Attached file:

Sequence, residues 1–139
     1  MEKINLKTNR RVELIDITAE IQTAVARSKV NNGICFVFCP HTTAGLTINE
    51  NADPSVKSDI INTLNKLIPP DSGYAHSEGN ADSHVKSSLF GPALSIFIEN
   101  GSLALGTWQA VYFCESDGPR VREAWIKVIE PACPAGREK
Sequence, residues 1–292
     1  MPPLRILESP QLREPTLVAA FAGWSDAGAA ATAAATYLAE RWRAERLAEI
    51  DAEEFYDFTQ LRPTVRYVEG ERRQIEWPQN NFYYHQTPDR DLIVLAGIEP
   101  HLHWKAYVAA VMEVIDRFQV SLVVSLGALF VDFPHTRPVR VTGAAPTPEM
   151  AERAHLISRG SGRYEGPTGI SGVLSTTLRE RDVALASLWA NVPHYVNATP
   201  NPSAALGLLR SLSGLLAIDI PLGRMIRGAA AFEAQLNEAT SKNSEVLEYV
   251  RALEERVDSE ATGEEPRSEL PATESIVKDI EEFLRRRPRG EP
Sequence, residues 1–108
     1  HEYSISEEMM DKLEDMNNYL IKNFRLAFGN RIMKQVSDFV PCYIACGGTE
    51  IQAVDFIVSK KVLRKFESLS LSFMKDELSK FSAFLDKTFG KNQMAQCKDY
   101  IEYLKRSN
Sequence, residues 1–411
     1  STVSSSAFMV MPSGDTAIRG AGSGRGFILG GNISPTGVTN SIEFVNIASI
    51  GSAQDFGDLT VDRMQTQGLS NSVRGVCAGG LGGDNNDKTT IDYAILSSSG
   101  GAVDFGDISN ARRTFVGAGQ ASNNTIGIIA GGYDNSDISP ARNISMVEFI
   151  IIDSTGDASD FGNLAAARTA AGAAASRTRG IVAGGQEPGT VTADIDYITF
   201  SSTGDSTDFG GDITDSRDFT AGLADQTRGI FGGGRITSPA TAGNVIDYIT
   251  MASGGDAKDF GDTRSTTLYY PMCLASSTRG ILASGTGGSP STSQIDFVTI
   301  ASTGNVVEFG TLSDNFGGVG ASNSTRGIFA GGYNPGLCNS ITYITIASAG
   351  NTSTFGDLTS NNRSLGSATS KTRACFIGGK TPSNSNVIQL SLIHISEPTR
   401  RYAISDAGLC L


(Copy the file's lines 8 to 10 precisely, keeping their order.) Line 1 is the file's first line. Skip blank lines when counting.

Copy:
   101  HLHWKAYVAA VMEVIDRFQV SLVVSLGALF VDFPHTRPVR VTGAAPTPEM
   151  AERAHLISRG SGRYEGPTGI SGVLSTTLRE RDVALASLWA NVPHYVNATP
   201  NPSAALGLLR SLSGLLAIDI PLGRMIRGAA AFEAQLNEAT SKNSEVLEYV